Tuesday, November 02, 2010

Weekend Videos – Top Rated Shows 1965-1969

After too many weeks of not being on a regular schedule with this stuff I'm finally back with clips from the top shows of each year (okay so this is a couple of days late for the weekend – I got caught up with a couple of things that kept delaying this). This is the fourth of these articles. In the first I covered the 1950-51 to 1954-55 seasons; in the second I did the 1955-56 to 1959-60 seasons and in the third I took on the 1960-61-1964-65 seasons. This time around I cover the 1965-66 to 1969-70 seasons.

Just to remind you of the rules I have imposed on myself are these: I will list the top three shows for each season along with the percentage of the nation's televisions that were tuned to that show during the season. These figures are drawn from the Complete Directory To Prime Time Network And Cable TV Shows 1946-Present. If the season's top rated show has already been featured either in this post or in the previous post in this series I'll find a clip from the second highest rated show, provided that it also hasn't been featured before, or the third highest rated show if the first and second place shows have been featured, and so on. The same procedure holds true if there are no clips of the show available online. I will be including the overall rating for the show. Previously I've expressed these in percentages however in 1960 the way that A.C. Nielsen calculated ratings changed and I'm not sure that percentages is a precisely accurate manner in which to describe these numbers. Finally I will be including my own comments about the shows.


1. Bonanza 31.8, 2. Gomer Pyle USMC 27.8, 3. The Lucy Show 27.7

I have very fond memories of Gomer Pyle. While it was a spin-off of The Andy Griffith Show, taking one of the most popular supporting characters off of the original series and making him the biggest "fish out of water" by putting him in the Marine Corps, I didn't know that at the time. I don't recall seeing The Andy Griffith Show during the period when Jim Nabors – or even Don Knotts – were regulars on the show. As a result the misadventures of the naive country boy in the Marines (the Marine Corps that didn't go to Vietnam) were totally stand-alone for me, and it works quite well as a stand-alone. Nabors is great as Gomer, who isn't book smart but has a native goodness and way to come out on top despite all of the objects strewn in his way. However the best part of the show was always watching Frank Sutton as Sergeant Carter. Sutton, a character actor who had been an Army sergeant during World War II (ironically he failed the physical for the Marine Corps), was ideal as the gruff, cynical and easily exasperated Sergeant Carter, Sutton, who graduated cum laude from Columbia University's Dramatic Arts program, had one of the best slow-burns in the business. As the year's passed Carter became increasingly friendly and even protective of his naive charge. The episode that I have here is one of my favourite first season episodes in which Carter is teamed with Gomer on a survival test... and finds himself the fish out of water in Gomer's world. Be sure to try to watch the second half of this one.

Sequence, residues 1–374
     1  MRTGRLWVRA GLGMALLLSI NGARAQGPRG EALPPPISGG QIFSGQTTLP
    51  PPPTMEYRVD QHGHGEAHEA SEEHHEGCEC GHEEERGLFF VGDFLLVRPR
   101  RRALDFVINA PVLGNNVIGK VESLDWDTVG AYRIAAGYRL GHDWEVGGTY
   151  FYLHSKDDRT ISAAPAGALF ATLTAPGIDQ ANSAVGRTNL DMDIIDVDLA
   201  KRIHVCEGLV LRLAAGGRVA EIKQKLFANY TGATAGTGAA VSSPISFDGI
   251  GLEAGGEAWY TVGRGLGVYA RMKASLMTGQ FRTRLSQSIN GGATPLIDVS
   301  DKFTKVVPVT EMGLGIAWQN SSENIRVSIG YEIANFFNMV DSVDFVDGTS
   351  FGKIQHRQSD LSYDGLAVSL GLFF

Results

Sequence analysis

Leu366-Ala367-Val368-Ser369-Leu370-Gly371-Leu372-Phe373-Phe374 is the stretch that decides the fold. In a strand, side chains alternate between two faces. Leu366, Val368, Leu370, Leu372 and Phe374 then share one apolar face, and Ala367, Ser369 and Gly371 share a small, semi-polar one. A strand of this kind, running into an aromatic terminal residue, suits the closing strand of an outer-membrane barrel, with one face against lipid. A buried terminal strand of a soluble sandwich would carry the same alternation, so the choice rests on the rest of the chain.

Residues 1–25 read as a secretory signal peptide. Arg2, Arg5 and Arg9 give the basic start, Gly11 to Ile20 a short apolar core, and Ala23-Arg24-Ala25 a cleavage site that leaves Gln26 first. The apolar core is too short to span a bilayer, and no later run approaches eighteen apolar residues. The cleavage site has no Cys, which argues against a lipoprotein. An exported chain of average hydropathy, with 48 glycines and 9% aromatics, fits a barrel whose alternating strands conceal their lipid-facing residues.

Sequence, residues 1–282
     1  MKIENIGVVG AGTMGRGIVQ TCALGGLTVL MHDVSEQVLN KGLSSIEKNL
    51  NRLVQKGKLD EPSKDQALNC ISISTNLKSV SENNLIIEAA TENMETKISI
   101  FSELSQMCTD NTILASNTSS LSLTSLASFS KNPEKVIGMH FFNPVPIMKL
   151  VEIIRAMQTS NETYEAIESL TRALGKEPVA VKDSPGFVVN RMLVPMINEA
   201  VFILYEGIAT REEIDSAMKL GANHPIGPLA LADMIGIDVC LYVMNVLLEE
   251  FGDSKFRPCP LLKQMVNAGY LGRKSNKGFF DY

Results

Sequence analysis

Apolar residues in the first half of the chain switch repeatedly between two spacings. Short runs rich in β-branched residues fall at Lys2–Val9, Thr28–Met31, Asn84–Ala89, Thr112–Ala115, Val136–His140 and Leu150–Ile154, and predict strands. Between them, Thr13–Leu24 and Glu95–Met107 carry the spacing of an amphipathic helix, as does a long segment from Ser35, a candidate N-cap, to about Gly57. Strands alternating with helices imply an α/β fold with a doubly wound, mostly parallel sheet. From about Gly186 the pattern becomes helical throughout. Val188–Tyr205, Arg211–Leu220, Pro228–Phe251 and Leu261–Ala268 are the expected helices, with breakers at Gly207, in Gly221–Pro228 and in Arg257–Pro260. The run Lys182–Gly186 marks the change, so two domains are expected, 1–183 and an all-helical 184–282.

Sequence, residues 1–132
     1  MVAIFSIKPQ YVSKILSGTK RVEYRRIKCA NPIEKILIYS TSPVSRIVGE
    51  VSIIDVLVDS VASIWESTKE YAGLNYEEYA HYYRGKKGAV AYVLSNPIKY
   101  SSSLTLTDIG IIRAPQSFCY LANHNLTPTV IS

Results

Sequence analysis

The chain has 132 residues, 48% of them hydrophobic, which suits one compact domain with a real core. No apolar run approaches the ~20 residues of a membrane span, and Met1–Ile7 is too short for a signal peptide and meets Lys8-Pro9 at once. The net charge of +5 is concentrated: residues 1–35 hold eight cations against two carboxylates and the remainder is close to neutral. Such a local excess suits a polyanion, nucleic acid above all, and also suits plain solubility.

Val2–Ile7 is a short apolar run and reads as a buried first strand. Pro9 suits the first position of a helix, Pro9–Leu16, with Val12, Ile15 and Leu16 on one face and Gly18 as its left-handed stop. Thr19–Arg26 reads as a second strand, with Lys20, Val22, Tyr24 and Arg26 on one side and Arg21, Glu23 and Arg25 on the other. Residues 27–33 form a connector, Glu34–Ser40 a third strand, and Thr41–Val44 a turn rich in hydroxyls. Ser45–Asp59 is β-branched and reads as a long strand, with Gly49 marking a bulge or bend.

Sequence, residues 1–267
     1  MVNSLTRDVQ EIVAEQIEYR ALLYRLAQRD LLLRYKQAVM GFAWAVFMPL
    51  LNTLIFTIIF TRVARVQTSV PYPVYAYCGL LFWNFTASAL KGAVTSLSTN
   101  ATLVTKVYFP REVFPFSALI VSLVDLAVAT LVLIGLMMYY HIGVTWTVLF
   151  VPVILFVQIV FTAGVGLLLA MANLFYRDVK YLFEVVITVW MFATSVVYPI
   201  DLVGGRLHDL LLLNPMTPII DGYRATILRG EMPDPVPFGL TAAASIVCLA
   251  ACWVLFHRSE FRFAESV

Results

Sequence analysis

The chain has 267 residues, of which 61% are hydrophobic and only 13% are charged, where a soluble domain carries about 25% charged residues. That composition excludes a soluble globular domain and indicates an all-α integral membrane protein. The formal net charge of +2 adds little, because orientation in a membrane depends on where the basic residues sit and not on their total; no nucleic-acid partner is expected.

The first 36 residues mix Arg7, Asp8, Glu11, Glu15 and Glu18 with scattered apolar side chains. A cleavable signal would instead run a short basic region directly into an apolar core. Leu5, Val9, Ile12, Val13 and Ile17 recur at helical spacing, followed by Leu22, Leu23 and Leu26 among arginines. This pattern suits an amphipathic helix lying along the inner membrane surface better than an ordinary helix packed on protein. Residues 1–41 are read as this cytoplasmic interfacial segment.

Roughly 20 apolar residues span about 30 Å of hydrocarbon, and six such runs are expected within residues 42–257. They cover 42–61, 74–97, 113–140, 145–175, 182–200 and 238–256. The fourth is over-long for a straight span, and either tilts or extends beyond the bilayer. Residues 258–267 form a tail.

1. Bonanza 29.1, 2. The Red Skelton Hour 28.2, 3. The Andy Griffith Show 27.4

I'm going to take the name of my good friend Ivan Shreve in vain a couple of times in this piece and here is the first. I know that Ivan has stated in the past that he prefers Red Skelton's radio work to his TV series, and having heard some – but not nearly enough – of the great man's radio work, I can see the point. On the radio Skelton could integrate his characters more smoothly than he could on the TV show. He could switch from Junior the Mean Little Kid to Willie Lumplump in seconds. That meant that the radio show could flow far more than any TV show ever could. And of course it was easier to believe Harriet Hilliard (later Harriet Nelson of course) as Junior's exasperated mother if you couldn't see that the two had only a four year age difference. For my part, I am a huge fan of Skelton's TV work. It lacked the flow of the radio show. Skelton was reduced to the typical comedian hosted variety show, with a monologues, dancers, and sketches, but he made it work. More to the point it allowed him to do things that were impossible for him to do on the radio. On the hour-long show there were long sketches that would span commercials, and of course there were Skelton's pantomime bits that were separate, silent sketches. Most importantly for me is that Television allowed you to see an extra dimension to Skelton's performance, his facial reactions; very visible and inevitably funny but totally lost on a radio audience. Growing up in the 1960s Skelton was my second favourite comedian on TV (the other was, of course, the immortal Jack Benny).